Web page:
The Nine Skills of an Effective Chess Player

The Nine Skills of an Effective Chess Player

Mar 25, 2013, 9:32 AM |

   There are 9 skill one must master to play effective chess. They fit together like building blocks to a puzzle. If one piece is missing the picture as a whole is left distorted. Strong player have at at least some degree of mastery of all these skills. To often thou the novice player is left in the dark, potentially excellent chess players give up on the game because they are never given the tools to improve on these basic skills. I have read tons of chess books and for some time I did not improve. I would ask strong players, "If I have all this knowledge from all there books, why cann't I get better?" This is not a fair question to ask anyone. So after much evaluation of myself as a chess player, I throw aside all the chess books and started at the basics of how the game is played. Here is what I have come up with.


Chess play has two fundamental aspects to it. Analysis and Strategy. Analysis is actually a set of four sub skill that work together to form concussions about a given chess position. These abilities are the first important step to good chess play. They are:

Visualization - The art of seeing the relationship between the pieces after a few moves are made. If you can follow a game without the need for a board then you have good visualization. 

Calculation - This is purely a logic function. The act of "If I move here the he goes there." Calculation is the primary function need for assessing and creating tactics.

Evaluation - This Has two sides to it. Static and Dynamic. Static is to assign a value to the current position. This is based on such things as the material balance, Scope of Pieces, Space, and strength of the pawn structure. Dynamic Evaluation is bit more complex, seeing a position as fluid and looking with a far reaching eye is often the hardest thing about chess. This side of evaluation is closely tied to the strategic side of chess. Both are need to complete the Calculation task. Good evaluation skill allows us to assign a value to the end of a calculated line.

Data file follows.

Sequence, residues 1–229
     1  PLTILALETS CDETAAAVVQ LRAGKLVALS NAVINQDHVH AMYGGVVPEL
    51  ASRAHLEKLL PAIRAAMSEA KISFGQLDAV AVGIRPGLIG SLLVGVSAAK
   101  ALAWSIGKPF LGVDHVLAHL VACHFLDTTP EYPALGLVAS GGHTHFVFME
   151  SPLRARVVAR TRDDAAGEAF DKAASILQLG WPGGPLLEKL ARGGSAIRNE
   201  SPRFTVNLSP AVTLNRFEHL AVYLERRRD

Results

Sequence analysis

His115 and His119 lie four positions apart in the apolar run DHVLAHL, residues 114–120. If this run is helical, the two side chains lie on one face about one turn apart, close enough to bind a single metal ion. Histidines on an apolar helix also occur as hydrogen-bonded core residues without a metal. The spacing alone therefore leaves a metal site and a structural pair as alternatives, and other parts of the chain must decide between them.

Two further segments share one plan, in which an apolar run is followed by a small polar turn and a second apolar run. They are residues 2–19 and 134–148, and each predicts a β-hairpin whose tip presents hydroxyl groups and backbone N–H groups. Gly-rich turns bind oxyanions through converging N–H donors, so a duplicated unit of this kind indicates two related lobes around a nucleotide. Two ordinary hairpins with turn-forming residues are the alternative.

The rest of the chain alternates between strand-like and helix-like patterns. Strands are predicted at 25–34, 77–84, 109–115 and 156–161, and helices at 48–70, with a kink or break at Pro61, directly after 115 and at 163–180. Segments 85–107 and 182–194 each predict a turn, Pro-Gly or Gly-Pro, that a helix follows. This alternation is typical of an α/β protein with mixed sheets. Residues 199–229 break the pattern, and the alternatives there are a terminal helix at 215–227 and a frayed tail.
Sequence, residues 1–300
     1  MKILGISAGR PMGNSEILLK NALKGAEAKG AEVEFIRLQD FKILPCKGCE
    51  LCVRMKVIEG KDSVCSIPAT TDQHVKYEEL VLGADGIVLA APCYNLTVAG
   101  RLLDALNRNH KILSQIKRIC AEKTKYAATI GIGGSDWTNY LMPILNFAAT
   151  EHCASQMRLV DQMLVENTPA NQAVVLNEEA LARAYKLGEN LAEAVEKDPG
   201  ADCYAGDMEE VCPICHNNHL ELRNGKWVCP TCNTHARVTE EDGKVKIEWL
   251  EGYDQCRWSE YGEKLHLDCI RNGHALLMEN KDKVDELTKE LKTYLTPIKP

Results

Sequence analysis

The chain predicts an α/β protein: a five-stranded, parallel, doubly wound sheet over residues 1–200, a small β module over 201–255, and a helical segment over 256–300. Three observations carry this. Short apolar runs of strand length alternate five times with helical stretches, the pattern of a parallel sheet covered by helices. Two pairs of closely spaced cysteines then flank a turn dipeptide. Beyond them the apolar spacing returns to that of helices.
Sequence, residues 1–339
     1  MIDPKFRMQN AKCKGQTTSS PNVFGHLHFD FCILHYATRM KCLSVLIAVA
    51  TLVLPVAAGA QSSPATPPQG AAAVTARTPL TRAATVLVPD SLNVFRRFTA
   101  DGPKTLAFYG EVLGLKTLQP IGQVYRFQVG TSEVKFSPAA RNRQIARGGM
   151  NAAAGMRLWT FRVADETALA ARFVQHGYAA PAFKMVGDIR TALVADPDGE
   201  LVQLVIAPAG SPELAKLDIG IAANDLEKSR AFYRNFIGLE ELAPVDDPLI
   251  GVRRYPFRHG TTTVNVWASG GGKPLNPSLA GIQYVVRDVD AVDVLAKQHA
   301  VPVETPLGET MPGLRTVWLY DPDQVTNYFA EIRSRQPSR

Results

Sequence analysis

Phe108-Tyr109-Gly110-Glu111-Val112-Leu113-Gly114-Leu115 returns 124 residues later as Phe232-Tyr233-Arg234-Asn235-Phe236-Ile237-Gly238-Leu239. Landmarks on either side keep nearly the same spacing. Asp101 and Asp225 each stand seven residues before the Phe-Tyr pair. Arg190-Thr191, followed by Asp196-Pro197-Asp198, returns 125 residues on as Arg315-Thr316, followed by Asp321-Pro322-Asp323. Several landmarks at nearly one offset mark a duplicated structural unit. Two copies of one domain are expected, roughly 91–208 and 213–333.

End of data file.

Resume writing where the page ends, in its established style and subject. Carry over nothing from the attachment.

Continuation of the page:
Pruning - Narrowing down of the potential moves to only those moves that need to be investigated is a bit of an art. Mostly I find experience governs this process but there are ways to help you. If you where to calculate all the possibilities you would quickly get lost as the analysis tree grew. Novices have the impression that expert players are able to calculate all these lines. In truth the expert calculates less then the novice because of a good feel for the skill of pruning.


   The strategic side of chess is also comprised four sub skill but these skill tie in to the aforementioned skill to bring together the effective chess player. These skills are:

Planning - To have a plan is better than no plan at all. Planning is sometime misunderstood at the lower levels of chess. Yes having an overall Idea of what you want is the goal here, but the rout to this goal is also made of several smaller plans. Planning is also part of the pruning process. Whit out a plan there is no direction to our plan, and therefore no easy way to pick candidate moves.

Adaptation - Once you know what you want, and you have made a plan to get there, this does not mean you will realize that plan. Your opponent will have plans of his own, and for every good plan you make there could be a counter plan. The ability to adapt and rethink your plan on fly is key. For the faster your plan reacts to change the better the chance for success. 

Pattern Recognition - From the simple patters such as a fork or a skewer to more complex patterns such as Anastasia's Mate. Knowing and recognising these patterns is very important for several reasons. Knowing these patterns can set in motion a plan. Recognizing the pitfalls that could put you in such a position can also set a plan in motion. Patterns can help in the pruning process by eliminating inferior moves from you mind and guiding you on a path to a winning Idea.

Prophylaxis - Playing with Prophylaxis is to play from the opponents point of view and find the move that is most damaging to there potential plan. Knowing when to use such moves is a bit of an art. But the skill comes in to play constantly. After every move the opponent makes we need to see what that move is telling us, to recognize the potential threats that may come our way. I would say that Active play is of the up most importance, this is only trumped by king safety.


The last skill is an Eye for Error. Since you are human and you are playing against other humans, blunders will happen. It is important to check your self before deciding on a move, but also be aware of the opponents errors so when you have the chance you can capitalize on them.


Thank, I hope this help others.